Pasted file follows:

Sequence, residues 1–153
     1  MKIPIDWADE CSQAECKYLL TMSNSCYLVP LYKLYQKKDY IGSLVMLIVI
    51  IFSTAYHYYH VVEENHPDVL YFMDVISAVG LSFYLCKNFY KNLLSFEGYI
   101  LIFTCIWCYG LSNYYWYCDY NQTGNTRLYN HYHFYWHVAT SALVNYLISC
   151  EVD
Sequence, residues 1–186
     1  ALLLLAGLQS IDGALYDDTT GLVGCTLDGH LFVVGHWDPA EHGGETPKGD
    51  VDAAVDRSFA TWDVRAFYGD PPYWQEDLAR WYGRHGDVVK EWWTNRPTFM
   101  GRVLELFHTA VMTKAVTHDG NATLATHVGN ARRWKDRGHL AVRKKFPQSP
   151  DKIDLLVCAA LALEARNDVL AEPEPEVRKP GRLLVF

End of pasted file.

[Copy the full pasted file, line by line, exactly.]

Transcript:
Sequence, residues 1–153
     1  MKIPIDWADE CSQAECKYLL TMSNSCYLVP LYKLYQKKDY IGSLVMLIVI
    51  IFSTAYHYYH VVEENHPDVL YFMDVISAVG LSFYLCKNFY KNLLSFEGYI
   101  LIFTCIWCYG LSNYYWYCDY NQTGNTRLYN HYHFYWHVAT SALVNYLISC
   151  EVD
Sequence, residues 1–186
     1  ALLLLAGLQS IDGALYDDTT GLVGCTLDGH LFVVGHWDPA EHGGETPKGD
    51  VDAAVDRSFA TWDVRAFYGD PPYWQEDLAR WYGRHGDVVK EWWTNRPTFM
   101  GRVLELFHTA VMTKAVTHDG NATLATHVGN ARRWKDRGHL AVRKKFPQSP
   151  DKIDLLVCAA LALEARNDVL AEPEPEVRKP GRLLVF